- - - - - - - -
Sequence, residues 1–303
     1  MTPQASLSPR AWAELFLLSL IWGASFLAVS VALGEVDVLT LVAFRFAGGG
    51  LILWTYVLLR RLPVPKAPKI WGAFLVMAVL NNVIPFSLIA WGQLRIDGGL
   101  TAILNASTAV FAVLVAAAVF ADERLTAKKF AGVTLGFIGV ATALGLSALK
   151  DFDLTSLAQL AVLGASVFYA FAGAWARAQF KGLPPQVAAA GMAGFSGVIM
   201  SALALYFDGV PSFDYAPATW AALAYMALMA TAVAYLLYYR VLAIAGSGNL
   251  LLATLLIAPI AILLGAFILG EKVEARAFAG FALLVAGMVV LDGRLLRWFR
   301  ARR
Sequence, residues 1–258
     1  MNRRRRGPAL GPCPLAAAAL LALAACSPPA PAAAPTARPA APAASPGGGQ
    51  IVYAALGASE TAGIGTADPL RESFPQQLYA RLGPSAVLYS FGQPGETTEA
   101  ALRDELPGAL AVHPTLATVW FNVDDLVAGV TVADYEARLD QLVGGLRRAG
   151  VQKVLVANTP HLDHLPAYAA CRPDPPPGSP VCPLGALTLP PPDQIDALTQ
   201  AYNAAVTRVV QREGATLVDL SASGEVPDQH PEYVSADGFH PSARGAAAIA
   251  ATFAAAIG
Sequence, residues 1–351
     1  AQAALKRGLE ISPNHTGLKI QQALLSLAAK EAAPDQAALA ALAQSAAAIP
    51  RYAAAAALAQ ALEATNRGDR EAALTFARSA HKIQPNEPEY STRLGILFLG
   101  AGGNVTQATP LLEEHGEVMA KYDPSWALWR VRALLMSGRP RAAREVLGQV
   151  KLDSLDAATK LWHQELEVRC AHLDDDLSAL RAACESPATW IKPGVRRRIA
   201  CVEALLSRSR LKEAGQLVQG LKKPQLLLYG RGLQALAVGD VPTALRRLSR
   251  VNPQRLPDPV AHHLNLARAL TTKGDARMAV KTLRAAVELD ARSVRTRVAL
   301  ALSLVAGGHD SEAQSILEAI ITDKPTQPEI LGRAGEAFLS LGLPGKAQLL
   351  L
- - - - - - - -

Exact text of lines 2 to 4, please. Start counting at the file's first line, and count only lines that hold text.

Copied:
     1  MTPQASLSPR AWAELFLLSL IWGASFLAVS VALGEVDVLT LVAFRFAGGG
    51  LILWTYVLLR RLPVPKAPKI WGAFLVMAVL NNVIPFSLIA WGQLRIDGGL
   101  TAILNASTAV FAVLVAAAVF ADERLTAKKF AGVTLGFIGV ATALGLSALK